3.3 Simple stock market graphing
How did Google stock do since the 2008 stock market crash? Let’s take a look … with these two lines of code:
Setup notes: You can type each line of code into the console, but it will be more convenient in the long run to set up a script file for this chapter. Go to File > New File > R Script (or use the keyboard shortcut Ctrl-Shift-N on Windows / Cmnd-Shift-N on Mac). Type the commands into the script file, save it with the disk save icon, File > Save, or the ctrl/cmnd-S keyboard shortcut.
To run all the code in the file, you can click the Source link above and to the right of the script panel (which is the top left panel). To run a few lines of code, select them the usual way (click and drag with your mouse) and hit control-Enter (command-Enter on Mac). To run one line of code, put your cursor anywhere on that line and hit control-Enter or command-Enter. When you do that, your cursor will jump to the next line of code and you can hit control/command-Enter again to quickly run the next line of code.
getSymbols() is quantmod’s powerful function for getting historical financial data from the Internet and importing it directly into R.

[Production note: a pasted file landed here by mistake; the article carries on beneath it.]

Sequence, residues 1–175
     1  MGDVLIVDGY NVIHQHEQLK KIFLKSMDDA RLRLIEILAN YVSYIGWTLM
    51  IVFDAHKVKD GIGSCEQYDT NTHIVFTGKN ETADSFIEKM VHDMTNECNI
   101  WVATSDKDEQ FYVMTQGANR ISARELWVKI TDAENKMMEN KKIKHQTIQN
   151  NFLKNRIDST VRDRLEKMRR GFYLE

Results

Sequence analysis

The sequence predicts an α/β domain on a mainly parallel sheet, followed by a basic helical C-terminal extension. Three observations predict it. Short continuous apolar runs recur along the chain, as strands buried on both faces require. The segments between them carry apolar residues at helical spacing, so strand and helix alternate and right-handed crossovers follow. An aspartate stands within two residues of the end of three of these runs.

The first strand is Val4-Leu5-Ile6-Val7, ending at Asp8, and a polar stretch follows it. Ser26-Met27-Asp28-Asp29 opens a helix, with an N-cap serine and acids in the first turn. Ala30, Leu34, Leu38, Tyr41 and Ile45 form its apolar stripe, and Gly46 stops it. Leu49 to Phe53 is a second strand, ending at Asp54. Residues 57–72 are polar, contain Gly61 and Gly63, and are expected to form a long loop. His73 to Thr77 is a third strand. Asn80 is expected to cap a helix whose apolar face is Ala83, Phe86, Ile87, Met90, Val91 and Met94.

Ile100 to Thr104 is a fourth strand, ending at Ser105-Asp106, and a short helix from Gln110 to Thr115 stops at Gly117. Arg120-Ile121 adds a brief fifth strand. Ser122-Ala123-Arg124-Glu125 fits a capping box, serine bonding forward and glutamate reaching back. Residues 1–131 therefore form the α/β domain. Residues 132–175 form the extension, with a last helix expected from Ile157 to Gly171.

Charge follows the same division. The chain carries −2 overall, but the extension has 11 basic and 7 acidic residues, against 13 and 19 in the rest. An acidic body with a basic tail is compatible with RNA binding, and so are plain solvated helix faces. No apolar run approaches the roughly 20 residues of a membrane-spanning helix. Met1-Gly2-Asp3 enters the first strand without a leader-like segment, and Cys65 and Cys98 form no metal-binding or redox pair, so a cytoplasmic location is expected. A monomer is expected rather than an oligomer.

src = yahoo tells quantmod that I want to pull the data from Yahoo; I could also have specified google to import from Google Finance.
from tells quantmod when to start pulling the data. And auto.assign=FALSE deals with a quirk in older versions of quantmod, so it behaves like most R functions and can store functions in an R variable with the
<- assignment operator.
The dygraphs package can make this graph interactive, so that you can mouse over the line and see underlying data, as well as click and drag to zoom in on a portion of the graph. It will look something like Figure 3.2. Again, just one line of code, this one specifying “I just want the GOOG.Close column (with closing prices) and a title of”Google Stock Price Starting in 2008".